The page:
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Home » Housing » US Real Estate » Home Sales » This historic New Jersey home could be yours for just , but there's a catch

This historic New Jersey home could be yours for just $10, but there's a catch

By Mike Wheatley | August 7, 2017

Developers have listed an historic, century-old Montclair, New Jersey home for the ridiculously low price of just $10. But interested buyers should beware, for there is a catch – whoever buys the home will need to relocate it at least a quarter-mile from its current site.

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Source NorthJerseycom

The home, which encompasses 3,912 square feet and comes with four bedrooms and two bathrooms was first built in 1906. It’s one of 500 historic homes in the area that were designed by the famous architect Dudley S. Van Antwerp. Similar homes generally fetch much higher prices, and indeed the home in question was actually sold for $1.4 million in May 2015.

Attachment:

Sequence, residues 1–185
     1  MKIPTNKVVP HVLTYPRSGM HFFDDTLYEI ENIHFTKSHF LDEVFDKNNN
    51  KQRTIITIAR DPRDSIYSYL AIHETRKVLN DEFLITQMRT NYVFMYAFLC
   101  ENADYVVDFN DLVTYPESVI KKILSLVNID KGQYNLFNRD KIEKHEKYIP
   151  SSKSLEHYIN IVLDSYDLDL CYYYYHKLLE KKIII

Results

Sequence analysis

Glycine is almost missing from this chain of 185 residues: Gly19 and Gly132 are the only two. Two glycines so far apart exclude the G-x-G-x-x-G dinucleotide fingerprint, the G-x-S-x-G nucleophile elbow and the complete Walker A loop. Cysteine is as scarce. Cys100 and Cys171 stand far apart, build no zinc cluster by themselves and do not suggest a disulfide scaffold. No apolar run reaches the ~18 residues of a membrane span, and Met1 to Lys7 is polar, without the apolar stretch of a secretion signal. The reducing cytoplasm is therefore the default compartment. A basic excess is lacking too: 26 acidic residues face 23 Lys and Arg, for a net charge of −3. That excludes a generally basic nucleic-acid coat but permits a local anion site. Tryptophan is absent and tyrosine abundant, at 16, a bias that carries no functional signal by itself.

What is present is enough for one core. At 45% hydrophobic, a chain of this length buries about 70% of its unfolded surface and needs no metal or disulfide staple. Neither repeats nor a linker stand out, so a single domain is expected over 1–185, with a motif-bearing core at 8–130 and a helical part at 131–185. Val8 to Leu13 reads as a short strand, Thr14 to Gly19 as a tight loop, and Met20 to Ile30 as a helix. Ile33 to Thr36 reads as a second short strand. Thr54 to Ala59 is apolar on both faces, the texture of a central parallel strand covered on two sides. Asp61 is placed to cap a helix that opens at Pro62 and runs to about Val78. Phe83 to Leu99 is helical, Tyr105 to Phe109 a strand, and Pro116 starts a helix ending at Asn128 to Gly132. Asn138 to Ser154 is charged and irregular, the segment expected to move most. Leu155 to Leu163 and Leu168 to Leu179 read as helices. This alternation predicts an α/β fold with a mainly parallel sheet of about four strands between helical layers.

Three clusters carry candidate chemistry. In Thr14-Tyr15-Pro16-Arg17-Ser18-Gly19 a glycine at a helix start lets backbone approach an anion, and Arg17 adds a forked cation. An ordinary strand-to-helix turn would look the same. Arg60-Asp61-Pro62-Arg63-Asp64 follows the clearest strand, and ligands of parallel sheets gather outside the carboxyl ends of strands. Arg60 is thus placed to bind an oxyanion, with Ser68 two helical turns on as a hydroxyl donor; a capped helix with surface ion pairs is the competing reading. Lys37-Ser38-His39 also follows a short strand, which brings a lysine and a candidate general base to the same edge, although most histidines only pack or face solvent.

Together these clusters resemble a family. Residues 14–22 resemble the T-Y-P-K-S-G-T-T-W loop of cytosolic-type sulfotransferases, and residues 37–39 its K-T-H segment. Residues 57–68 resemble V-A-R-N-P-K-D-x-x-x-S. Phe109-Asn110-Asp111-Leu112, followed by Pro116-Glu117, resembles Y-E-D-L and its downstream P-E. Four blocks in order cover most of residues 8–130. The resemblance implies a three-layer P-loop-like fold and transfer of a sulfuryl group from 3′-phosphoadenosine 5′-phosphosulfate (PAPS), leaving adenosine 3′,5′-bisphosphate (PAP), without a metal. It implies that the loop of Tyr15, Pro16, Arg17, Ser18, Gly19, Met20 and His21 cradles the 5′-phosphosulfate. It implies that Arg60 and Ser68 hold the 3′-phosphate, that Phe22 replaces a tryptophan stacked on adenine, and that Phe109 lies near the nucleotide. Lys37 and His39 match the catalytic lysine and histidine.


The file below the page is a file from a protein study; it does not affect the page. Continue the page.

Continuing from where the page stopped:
So why just $10?

Well, the home was since sold onto a development company called BNE Real Estate Group, which wants to knock it down and replace it with eight smaller, single-family homes.

Montclair City’s Planning Board agreed to the developer’s plans, but officials also don’t want to destroy such an historic home if possible. As such, the plan was approved with the stipulation that the developer must attempt to sell the home first. Any buyer would have to relocate the home themselves. A deadline for offers has been set for August 30 – if no buyer is found by then, the house will be bulldozed, NorthJersey.com reported.

Although the developer is asking for a nominal $10 fee, it also said it’s willing to contribute $10,000 towards the cost of relocating the property. Still, experts estimate the total cost of moving the home at around $75,000 to $100,000, in addition to the cost of a new plot of land for the home to be erected on.

Although it sounds unusual, it’s not uncommon for homes in the U.S. to be physically moved to a new location. The process involves digging up the home from its foundations, then placing steel beams under its frame so it can be lifted. The home is then placed on a trailer bed and driven to its new location, where its lifted onto a new foundation.

Mike Wheatley is the senior editor at Realty Biz News. Got a real estate related news article you wish to share, contact Mike at [email protected]
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